It was an episode in which middle daughter Erin finds a lost fawn. She brings it home and insists on keeping it, even though her parents tell her no. At some point, the local park ranger (and who knew that Walton's Mountain had one of those?) turns up and tells Erin that it's illegal to keep a wild animal. As kindly as he can, for he understands that Erin's very upset about it, the ranger takes possession of the fawn and releases the little fellow back into the wild, where he's meant to be.

That's not the end of it, of course. That very night, Erin has a premonition that something bad is about to befall the fawn, and she convinces her father to help her go looking for it. Bringing the ranger along, Daddy Walton indulges his daughter, and all three proceed to search for the critter that Erin's named Lance.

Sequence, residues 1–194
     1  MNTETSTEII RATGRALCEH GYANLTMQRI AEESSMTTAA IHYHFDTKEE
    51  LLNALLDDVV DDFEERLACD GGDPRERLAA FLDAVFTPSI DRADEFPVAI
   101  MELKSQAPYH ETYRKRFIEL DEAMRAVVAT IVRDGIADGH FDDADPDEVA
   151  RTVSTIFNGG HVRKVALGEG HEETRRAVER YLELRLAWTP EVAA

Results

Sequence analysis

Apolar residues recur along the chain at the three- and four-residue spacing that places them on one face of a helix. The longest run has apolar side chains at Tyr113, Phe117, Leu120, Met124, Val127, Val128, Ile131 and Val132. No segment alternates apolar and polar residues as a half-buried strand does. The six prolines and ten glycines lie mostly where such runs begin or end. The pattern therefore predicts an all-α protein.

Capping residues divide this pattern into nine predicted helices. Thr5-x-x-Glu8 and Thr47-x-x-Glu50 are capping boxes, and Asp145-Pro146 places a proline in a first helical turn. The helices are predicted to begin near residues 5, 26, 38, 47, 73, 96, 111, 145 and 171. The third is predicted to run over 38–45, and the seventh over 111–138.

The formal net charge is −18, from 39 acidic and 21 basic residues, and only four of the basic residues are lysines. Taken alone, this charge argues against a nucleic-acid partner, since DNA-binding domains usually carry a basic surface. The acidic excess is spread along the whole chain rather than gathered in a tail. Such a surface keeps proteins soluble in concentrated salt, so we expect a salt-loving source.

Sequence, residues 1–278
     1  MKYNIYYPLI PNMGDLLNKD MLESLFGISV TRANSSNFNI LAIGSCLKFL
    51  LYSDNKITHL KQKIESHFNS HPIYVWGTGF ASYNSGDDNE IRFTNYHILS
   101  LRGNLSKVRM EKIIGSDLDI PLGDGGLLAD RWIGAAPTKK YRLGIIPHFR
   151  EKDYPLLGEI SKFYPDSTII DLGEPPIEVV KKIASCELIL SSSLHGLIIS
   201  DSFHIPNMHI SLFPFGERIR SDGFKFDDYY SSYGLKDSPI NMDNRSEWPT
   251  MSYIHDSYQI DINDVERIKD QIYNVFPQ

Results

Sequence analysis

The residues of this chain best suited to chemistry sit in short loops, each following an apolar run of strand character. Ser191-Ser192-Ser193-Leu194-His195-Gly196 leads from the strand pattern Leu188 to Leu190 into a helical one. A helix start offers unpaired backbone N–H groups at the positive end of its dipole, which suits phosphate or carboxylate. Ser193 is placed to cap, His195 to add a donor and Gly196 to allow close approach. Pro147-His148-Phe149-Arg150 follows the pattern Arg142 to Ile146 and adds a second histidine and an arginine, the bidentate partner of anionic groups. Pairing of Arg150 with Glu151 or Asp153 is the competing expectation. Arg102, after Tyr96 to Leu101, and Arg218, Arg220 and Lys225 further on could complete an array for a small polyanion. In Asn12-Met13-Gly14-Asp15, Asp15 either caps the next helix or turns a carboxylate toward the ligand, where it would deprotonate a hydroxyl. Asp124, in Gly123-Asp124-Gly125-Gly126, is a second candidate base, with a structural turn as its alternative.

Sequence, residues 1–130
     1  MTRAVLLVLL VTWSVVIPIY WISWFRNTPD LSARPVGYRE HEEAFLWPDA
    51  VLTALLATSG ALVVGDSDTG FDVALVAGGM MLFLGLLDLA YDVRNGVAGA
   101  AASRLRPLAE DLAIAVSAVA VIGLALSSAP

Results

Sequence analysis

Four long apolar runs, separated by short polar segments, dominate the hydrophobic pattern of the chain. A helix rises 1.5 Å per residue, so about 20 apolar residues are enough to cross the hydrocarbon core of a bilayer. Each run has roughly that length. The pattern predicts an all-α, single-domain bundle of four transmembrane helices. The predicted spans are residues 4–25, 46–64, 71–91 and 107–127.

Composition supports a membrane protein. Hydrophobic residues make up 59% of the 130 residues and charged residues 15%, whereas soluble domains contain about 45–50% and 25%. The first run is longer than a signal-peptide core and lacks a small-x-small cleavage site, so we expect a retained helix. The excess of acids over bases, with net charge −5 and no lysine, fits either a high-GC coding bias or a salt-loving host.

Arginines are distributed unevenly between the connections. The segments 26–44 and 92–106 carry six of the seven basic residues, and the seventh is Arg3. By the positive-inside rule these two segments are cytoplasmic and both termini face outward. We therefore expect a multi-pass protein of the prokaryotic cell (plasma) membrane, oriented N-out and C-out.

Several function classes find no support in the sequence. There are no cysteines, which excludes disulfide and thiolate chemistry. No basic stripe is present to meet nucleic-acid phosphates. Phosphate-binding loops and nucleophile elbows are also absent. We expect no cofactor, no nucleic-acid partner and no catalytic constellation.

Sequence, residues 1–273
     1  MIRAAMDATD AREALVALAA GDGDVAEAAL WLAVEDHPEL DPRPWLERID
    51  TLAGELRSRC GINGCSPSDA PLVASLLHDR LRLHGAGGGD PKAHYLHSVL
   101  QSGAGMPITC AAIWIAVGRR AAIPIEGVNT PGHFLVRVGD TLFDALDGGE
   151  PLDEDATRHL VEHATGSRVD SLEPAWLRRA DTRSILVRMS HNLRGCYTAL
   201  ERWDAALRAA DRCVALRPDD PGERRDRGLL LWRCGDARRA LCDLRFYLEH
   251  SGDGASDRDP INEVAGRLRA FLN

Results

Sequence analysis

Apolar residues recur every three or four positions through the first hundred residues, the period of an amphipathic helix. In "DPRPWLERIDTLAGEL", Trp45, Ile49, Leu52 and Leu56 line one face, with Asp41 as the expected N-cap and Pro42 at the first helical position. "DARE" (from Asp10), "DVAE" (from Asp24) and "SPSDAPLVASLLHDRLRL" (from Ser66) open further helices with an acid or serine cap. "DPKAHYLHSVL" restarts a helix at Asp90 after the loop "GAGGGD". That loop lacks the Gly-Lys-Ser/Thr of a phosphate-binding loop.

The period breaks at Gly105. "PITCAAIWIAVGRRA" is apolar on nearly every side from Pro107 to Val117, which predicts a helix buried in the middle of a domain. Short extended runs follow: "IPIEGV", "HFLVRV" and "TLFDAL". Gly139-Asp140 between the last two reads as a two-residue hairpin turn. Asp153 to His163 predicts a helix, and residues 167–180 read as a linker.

The Waltons find Lance just as shots ring out: the ranger's been having trouble with poachers on Walton's Mountain, and wouldn't you know it, the poachers had taken aim at Lance. Fortunately, Lance is found with little more than a flesh wound, and they bring him back to the Walton's barn for rest and rehab. The ranger tells Erin he knows about a fenced-in farm where he can take Lance. The deer would be safe behind that fence, he tells the child, and Erin can come and visit any time she likes. It sounds like the perfect solution.